Have you ever gone to pick your beautiful apple crop and found this inside?

It’s internal browning, and it’s pretty gross. When it’s this advanced, it makes the apples completely inedible.

It’s not that uncommon to see it in apples that are picked too ripe or stored too long, and it’s a known potential problem when storing apples in long term cold storage, but it’s unusual (and a bit yuk) to see it in apples that haven’t yet ripened.

But when a heatwave happens at the wrong time is when you might find it inside a Gravenstein apple.

Gravvies start to ripen about this time of year in our district. Usually the picking starts when most of the fruit isn’t quite ripe yet. They’re just starting to colour up, and the seeds are just starting to go brown (an indicator of apple ripeness).

Gravenstein apples on the ground in a heatwave
Gravenstein apples on the ground in a heatwave

So imagine our massive disappointment when we went to pick some delicious new-season’s apples, and instead found quite a lot of apples on the ground and many of them browned off inside.

Any time this has happened, the most likely culprit has been a heat wave — something we seem to be getting more of here in central Victoria.

A lot of fruit can handle extreme temperatures OK (though they do need some extra care and attention), but it looks like Gravensteins are not one of them, possibly due to their European heritage and tendency to be a soft apple.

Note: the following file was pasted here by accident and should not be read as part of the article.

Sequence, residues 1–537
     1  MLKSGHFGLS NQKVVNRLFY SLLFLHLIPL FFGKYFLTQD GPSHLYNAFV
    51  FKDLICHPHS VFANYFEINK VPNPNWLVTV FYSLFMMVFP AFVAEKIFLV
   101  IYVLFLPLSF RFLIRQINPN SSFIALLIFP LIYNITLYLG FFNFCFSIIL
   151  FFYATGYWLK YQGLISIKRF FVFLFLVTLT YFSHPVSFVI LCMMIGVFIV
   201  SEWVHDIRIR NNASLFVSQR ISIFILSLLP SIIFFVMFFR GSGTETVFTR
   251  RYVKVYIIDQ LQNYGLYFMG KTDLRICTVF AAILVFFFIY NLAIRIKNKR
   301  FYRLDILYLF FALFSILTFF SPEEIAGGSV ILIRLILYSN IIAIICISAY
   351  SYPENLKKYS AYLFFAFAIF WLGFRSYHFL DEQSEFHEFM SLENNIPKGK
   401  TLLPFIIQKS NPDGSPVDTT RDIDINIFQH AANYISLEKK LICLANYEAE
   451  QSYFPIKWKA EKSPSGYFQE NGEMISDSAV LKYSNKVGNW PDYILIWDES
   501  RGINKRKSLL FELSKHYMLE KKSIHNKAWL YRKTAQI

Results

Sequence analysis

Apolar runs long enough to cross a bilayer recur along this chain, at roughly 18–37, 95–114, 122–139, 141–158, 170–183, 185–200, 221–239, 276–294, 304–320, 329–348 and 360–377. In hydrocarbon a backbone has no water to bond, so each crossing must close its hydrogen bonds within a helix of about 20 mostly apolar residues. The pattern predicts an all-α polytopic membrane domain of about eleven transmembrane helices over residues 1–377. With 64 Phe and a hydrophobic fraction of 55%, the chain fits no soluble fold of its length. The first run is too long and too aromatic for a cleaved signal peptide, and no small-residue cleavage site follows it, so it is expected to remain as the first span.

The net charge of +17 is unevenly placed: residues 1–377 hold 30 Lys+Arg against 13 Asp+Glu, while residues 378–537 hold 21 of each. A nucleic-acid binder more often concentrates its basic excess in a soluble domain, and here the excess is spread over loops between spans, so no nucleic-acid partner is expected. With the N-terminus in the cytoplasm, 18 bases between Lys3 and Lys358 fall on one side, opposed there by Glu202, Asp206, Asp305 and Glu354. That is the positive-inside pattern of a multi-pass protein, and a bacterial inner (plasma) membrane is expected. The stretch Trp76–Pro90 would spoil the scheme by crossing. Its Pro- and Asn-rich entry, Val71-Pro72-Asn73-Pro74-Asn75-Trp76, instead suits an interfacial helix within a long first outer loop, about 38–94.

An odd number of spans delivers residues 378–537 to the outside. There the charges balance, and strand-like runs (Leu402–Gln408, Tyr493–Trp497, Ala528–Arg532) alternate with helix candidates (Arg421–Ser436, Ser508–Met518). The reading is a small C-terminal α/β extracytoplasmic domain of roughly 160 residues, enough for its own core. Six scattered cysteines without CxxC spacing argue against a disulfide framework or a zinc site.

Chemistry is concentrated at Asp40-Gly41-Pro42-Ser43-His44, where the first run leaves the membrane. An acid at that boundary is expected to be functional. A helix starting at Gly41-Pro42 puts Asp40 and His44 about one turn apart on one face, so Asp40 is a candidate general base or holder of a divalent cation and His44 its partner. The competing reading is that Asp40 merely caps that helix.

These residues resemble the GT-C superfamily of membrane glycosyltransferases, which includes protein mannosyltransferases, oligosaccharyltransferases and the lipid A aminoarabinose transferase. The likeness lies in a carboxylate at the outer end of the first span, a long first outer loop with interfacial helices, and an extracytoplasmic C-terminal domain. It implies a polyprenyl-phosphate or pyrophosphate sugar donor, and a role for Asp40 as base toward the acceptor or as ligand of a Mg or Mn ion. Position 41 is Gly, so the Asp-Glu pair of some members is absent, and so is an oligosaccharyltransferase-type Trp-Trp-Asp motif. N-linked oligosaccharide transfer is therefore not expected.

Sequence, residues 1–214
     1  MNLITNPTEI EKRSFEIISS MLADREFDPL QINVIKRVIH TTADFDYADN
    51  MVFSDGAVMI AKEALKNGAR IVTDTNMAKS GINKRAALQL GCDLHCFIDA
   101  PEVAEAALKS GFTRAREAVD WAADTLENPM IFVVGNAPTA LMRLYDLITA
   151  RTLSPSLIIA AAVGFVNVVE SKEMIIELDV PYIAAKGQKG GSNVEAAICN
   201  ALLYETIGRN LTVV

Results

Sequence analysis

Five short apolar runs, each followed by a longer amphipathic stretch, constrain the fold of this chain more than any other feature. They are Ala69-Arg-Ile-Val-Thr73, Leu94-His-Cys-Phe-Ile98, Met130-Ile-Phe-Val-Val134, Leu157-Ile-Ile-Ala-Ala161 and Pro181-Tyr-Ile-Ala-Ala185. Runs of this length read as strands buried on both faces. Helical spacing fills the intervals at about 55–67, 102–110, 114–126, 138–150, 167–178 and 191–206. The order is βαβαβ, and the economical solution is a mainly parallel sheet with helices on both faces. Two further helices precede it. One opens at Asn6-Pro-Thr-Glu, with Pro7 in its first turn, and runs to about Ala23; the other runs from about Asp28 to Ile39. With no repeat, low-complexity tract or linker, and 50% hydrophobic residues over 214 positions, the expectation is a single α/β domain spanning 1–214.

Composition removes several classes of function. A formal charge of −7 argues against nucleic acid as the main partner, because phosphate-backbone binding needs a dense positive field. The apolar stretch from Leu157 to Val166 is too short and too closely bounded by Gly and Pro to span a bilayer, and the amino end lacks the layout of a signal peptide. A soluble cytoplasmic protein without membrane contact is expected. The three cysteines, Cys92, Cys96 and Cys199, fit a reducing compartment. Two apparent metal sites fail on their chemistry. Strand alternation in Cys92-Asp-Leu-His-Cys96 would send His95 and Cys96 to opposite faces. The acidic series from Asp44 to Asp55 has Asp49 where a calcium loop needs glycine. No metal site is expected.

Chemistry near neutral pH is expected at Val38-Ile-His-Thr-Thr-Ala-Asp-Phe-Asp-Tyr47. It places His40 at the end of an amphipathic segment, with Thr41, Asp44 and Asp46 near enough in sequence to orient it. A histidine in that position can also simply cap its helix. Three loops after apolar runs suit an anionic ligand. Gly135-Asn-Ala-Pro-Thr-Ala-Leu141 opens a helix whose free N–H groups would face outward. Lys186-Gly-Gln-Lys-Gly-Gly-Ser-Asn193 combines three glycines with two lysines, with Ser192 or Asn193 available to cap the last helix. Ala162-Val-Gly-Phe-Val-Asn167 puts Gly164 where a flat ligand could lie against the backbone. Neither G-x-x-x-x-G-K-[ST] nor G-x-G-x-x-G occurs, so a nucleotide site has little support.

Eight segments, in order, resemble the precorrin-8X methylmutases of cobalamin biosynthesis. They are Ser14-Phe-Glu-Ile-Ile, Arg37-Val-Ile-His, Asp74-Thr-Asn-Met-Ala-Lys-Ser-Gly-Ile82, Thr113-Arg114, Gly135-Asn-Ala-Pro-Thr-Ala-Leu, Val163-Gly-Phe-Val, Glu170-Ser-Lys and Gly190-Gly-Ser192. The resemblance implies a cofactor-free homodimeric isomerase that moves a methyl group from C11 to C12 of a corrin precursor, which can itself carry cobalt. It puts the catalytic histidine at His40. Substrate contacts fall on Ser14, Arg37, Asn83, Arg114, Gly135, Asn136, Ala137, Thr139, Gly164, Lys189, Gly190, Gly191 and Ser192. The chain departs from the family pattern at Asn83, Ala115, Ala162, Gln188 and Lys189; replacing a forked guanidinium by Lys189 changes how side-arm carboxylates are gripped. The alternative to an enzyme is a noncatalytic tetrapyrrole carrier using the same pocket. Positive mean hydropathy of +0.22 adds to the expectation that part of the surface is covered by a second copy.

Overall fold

This is what they should look like in a good year…

Beautiful ripe Gravenstein apple showing the characteristic red stripe over a green background
Beautiful ripe Gravenstein apple showing the characteristic red stripe over a green background

This has happened a number of times to this variety, which is making us question the wisdom of trying to grow apples that were bred hundreds of years ago in Europe in our very different climate here in Australia.

As our summers seem to be increasing in heat intensity, this may become an ongoing problem and might eventually make the variety unviable in this growing area.

However if there’s one thing we’ve learned over recent years it’s that the climate is variable, so it’s also quite likely that there will also be seasons when the Gravenstein shines, possibly in conditions that don’t suit other varieties.

That’s the key to the biodiversity plan that has led us to grow a big collection of varieties, and one of the features of our Appreciate Apples short course.

For the moment at least, it will continue to hold it’s place in the crazy biodiverse mix in the orchards on our farm!